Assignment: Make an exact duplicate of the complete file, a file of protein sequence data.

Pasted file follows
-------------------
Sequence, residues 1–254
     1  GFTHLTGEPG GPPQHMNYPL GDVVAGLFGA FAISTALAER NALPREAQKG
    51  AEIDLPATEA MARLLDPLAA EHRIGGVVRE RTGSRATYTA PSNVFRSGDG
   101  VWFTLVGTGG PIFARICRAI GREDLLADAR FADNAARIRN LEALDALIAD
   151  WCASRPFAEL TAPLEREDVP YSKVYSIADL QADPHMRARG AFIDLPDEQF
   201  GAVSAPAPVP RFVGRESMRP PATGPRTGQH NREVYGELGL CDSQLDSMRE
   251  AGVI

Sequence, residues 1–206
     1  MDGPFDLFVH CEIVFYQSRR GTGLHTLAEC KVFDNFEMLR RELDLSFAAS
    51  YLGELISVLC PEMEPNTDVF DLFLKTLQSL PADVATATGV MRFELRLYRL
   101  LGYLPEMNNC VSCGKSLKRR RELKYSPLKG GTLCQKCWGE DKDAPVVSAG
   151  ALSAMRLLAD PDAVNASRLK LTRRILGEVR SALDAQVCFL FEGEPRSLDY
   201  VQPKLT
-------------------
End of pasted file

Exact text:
Sequence, residues 1–254
     1  GFTHLTGEPG GPPQHMNYPL GDVVAGLFGA FAISTALAER NALPREAQKG
    51  AEIDLPATEA MARLLDPLAA EHRIGGVVRE RTGSRATYTA PSNVFRSGDG
   101  VWFTLVGTGG PIFARICRAI GREDLLADAR FADNAARIRN LEALDALIAD
   151  WCASRPFAEL TAPLEREDVP YSKVYSIADL QADPHMRARG AFIDLPDEQF
   201  GAVSAPAPVP RFVGRESMRP PATGPRTGQH NREVYGELGL CDSQLDSMRE
   251  AGVI

Sequence, residues 1–206
     1  MDGPFDLFVH CEIVFYQSRR GTGLHTLAEC KVFDNFEMLR RELDLSFAAS
    51  YLGELISVLC PEMEPNTDVF DLFLKTLQSL PADVATATGV MRFELRLYRL
   101  LGYLPEMNNC VSCGKSLKRR RELKYSPLKG GTLCQKCWGE DKDAPVVSAG
   151  ALSAMRLLAD PDAVNASRLK LTRRILGEVR SALDAQVCFL FEGEPRSLDY
   201  VQPKLT